BEAUTY IN TROUBLE At the center of Beauty in Trouble, Czech director Jan Hrebejk’s trying foray into soapy realism, is the kind of provincial, hard-luck lass who shows boob at a funeral and sweetens sauvignon blanc with a dousing of soda pop. Marcela (Ana Geislerová) has crazy sex — and that’s about it — with her mechanic husband; mired in a circumstantial shitstorm, they struggle to repair the damage that a 2002 flood did to their home. Marcela is forced to move her two children in with her mother and stepfather Risa (Jirí Schmitzer), whose unremitting awfulness overburdens what dramatic momentum there is in the film. With her husband eventually thrown in jail for a desperate act of car theft, Marcela and her kids are subjected to Risa’s endless harassment; lording over his grimy little fiefdom, he still turns on the obsequious sleaze whenever his wife is around. “We’re washed up, but they have a chance,” Risa opines when the wealthy man who falls for Marcela — despite the fact that her husband stole his car — offers to take her and the kids to his villa in Tuscany. The Velvet Revolution, it seems, left behind some serious chafing; a spiritual selfishness and scheming distrust permeate everyone but the kids and the expat. Unfortunately, Hrebejk settles for unsatisfying allusions to the Czech experience that never break through the melodrama to make his case with any conviction. (Music Hall; Playhouse 7; Town Center 5) (Michelle Orange)
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The Mummy: Tomb of the Dragon Emperor
GO A JIHAD FOR LOVE Muslims, Jews and Christians may have their, oh, occasional differences, but as an Islamic scholar observes in Parvez Sharma’s documentary, there is one point on which the religions agree: Homosexuality is a crime. In his fine Trembling Before G_d, Sandi DuBowski tackled the conflict in the Orthodox Jewish community between religious stricture and sexual orientation; this DuBowski-produced doc addresses the same subject through the veil of Islam, following gay, lesbian and transvestite Muslims abroad, who hew to their faith in the face of hostile, even murderous dogma. Sharma’s subjects — an Egyptian man imprisoned and brutalized essentially for the crime of attending a disco; a gay imam whose attempts to find some lenience in the Quran are fiercely rebuffed — share a perhaps puzzling devotion to a religion that, under sharia interpretation, regards their expression of love as a death-penalty offense. And yet the movie leaves open a provocative question: If you pick and choose which tenets of a religion apply to you, is it still a religion? The conflict seems most deeply felt by Maryam, a Parisian lesbian who cherishes both women and Islam but confesses that she still considers her sexuality haraam — forbidden. The imam clarifies that his is a “jihad” for love in the sense of struggle, not holy war. Considering the hateful rhetoric he faces on a radio call-in show, however, he may be mistaken. (Sunset 5) (Jim Ridley)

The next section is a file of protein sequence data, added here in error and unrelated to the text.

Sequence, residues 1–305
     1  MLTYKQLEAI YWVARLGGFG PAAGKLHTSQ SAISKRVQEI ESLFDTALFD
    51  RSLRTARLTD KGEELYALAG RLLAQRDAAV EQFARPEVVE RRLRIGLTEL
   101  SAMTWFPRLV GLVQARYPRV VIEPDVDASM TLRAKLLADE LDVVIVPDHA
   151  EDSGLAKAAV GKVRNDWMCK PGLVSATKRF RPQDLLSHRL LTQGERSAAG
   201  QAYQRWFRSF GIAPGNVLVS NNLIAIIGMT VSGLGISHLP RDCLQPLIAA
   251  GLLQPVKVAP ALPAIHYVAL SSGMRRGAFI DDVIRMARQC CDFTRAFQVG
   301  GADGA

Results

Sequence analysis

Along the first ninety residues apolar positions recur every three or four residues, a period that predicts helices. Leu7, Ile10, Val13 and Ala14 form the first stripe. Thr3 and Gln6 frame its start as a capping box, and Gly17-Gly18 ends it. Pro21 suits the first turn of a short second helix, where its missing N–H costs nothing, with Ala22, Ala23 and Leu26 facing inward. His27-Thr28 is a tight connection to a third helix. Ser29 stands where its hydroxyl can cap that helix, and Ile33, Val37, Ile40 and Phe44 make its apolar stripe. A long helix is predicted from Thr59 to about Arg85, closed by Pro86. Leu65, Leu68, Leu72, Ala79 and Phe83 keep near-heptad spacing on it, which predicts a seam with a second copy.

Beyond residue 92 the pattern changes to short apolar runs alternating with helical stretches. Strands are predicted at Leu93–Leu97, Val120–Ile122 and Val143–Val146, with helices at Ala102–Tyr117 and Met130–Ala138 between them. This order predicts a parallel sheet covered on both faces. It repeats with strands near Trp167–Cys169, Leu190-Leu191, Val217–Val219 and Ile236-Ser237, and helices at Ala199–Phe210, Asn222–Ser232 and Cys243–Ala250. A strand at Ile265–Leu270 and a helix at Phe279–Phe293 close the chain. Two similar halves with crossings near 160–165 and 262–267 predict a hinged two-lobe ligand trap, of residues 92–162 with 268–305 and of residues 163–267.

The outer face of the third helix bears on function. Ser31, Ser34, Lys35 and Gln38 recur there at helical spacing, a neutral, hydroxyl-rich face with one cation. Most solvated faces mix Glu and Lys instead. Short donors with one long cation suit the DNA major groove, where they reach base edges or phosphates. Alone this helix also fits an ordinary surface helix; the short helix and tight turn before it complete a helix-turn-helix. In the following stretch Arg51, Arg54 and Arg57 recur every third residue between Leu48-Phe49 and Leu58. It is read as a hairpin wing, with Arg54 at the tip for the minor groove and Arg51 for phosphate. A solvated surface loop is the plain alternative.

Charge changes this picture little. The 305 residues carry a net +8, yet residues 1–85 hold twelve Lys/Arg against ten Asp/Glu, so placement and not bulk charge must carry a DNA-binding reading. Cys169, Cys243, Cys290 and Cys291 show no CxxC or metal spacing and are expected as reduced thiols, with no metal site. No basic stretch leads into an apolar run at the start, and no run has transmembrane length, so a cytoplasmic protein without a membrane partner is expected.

MIDNIGHT MEAT TRAIN was not screened in advance of our publication deadline, but a review will appear here next week. (Citywide)
THE MUMMY: TOMB OF THE DRAGON EMPEROR If Stephen Sommers’ 1999 remake of The Mummy didn’t achieve its obvious goal of topping Raiders of the Lost Ark, it was close enough for this then-13-year-old boy. Endless chases, funny quips, breathless pacing — good movie. One sequel and dismal spin-off later, Sommers has been replaced by Rob Cohen, he of Dragonheart directorial fame. A prologue introduces Emperor Han (Jet Li), who, having conquered everything else, wants to conquer death, and seeks out witch Zi Juan (Michelle Yeoh) to help him do so. Instead, Zi curses Han, whereupon he promptly melts into a chocolate-like substance. Cut to the present: 1946 this time, some 13 years after the last installment. Rick (Brendan Fraser) and Evelyn O’Connell (Maria Bello, subbing for a now-too-respectable Rachel Weisz) are suffocating in their adventureless Oxfordshire life. Meanwhile, son Alex (Luke Ford) has run off to China, where he discovers the, uh, tomb of the dragon emperor. When Rick and Evelyn show up in China on a mission, they find their estranged son and then save the world. Best not to inquire too deeply into this Mummy: Where Sommers chose cheerful extravagance, Cohen’s enterprise is joylessly efficient, pushing the family around from one locale to the next — inevitably too late to stop whatever it is they were there for in the first place — until the final confrontation. Strange how dreary it all is, and how tired Fraser seems. (Citywide) (Vadim Rizov)
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